Market Perspective for February 23, 2018

The Nasdaq rose 1.35 percent over the week’s four trading days. The Dow Jones Industrial Average gained 0.36 percent, the S&P 500 Index 0.55 percent, and Russell 2000 0.37 percent, with the week’s most significant activity occurring in the last two hours of Friday trading.

SPDR Technology (XLK) and Consumer Discretionary (XLY) gained 1.52 and 1.05 percent on the week. Financials and industrials rose 0.5 percent. SPDR Utilities (XLU) climbed 0.46 percent as interest rates eased at the end of the week.

Qualcomm (QCOM) boosted its offer for NXP Semiconductors (NXPI) in an effort to fend off Broadcom’s (AVGO) hostile offer for Qualcomm. Broadcom lowered its bid for Qualcomm in response, from $82 to $79. iShares PHLX Semiconductor (SOXX) rallied 2.47 percent on the week.

Walmart (WMT) was the notable earnings miss this week. Slower-than-expected online growth and slightly lower guidance sent shares to their largest one-day loss in nearly 30 years. As a top-10 component in the consumer staples sector, Wal-Mart’s miss thumped related funds such as SPDR Consumer Staples (XLP), which fell 2.23 percent on the week.

The flash manufacturing and service PMIs for February showed a modest uptick in economic activity. The final number will be out next week. Existing home sales slowed to an annualized pace of 5.38 million in January, down 4.8 percent from a year ago. Prices increased 5.8 percent from a year earlier as inventory fell to 3.4 months. Jobless claims fell to 222,000 last week.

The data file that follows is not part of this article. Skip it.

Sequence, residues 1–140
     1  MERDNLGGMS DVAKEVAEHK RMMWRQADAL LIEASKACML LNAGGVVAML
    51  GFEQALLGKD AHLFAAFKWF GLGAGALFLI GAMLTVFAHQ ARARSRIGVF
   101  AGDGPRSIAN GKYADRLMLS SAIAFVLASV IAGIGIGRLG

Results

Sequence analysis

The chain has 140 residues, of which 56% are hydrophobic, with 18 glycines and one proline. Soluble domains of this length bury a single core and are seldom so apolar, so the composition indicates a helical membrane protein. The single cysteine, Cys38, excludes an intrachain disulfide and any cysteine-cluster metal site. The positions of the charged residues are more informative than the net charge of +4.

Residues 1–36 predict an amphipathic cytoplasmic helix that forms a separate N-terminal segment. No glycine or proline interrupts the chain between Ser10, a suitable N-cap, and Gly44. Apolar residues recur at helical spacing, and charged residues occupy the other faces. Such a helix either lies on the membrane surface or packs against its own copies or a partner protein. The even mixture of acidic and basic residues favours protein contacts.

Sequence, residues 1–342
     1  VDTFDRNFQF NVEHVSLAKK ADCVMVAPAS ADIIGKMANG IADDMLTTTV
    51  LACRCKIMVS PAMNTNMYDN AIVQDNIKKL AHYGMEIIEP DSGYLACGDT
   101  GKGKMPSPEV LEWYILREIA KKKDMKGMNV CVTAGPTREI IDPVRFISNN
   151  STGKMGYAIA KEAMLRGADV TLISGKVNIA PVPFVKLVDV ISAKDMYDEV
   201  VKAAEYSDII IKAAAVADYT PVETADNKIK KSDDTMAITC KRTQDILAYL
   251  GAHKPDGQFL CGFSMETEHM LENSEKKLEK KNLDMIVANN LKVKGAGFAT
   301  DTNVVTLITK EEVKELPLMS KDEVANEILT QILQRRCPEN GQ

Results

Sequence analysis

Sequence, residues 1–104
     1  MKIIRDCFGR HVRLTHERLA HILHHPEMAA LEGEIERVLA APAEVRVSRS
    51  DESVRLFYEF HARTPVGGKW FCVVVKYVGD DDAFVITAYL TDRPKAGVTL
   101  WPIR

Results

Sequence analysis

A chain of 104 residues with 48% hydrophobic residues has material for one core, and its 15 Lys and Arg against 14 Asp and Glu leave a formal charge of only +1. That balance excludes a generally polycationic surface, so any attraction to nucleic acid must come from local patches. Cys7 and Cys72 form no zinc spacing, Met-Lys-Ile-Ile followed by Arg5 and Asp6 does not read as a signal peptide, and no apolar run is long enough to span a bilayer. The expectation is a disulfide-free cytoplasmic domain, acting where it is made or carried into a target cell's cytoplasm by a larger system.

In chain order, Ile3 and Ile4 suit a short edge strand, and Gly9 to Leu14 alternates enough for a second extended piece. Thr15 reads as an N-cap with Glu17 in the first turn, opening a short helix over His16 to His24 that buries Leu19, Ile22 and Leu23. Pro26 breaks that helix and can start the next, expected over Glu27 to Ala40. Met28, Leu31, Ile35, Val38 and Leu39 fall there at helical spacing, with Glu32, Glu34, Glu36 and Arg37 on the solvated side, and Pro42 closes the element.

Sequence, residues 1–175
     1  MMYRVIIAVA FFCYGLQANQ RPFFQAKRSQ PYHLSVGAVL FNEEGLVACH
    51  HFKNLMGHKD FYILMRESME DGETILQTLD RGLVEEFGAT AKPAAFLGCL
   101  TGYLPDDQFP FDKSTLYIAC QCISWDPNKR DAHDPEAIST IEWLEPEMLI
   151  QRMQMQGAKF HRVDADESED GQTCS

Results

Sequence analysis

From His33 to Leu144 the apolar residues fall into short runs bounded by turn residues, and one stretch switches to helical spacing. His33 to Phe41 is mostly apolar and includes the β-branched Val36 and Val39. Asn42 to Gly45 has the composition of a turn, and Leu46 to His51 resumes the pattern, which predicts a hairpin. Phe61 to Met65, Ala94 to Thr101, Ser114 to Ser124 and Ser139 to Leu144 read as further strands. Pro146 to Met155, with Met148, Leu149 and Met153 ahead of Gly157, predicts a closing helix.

The Federal Reserve released the minutes of its January FOMC meeting. Investors interpreted the minutes as slightly hawkish, bumping up the odds of rate hikes at the March, June and December meetings. The minutes pushed the 10-year bond to a new multi-year high of 2.95 percent. The 30-year Treasury climbed above 3.2 percent. Both eased later in the week.

Most bond funds lost ground with rates rising. PowerShares Senior Loan Portfolio (BKLN) gained 0.20 percent as floating-rate funds took rising rates in stride.

The U.S. Dollar Index rallied 0.9 percent this week. In addition to the hawkish Fed minutes, the minutes from the European Central Bank’s last meeting showed concern about a currency war with the United States. Since the United States is not competitively devaluing the dollar, traders sold the euro, taking it as a sign the ECB is worried about euro strength.

The rising dollar weighed on international funds. SPDR S&P 500 (SPY) gained 0.60 percent, but iShares MSCI EAFE (EFA) fell 0.06 percent. iShares MSCI Emerging Markets (EEM) advanced 0.34 percent.

Crude oil climbed back above $63 a barrel this week after a larger-than-expected inventory draw. Analysts expected crude inventory would rise 1.8 million barrels, but instead it fell 1.6 million as exports increased.

Hewlett Packard (HPQ), Hewlett Packard Enterprise (HPE), Intuit (INTU), Advance Auto Parts (AAP), Southern Company (SO), and Medtronic (MDT) beat earnings this week. The S&P 500 Index has a blended earnings growth rate of 14.8 percent with only 10 percent of the index left to report.

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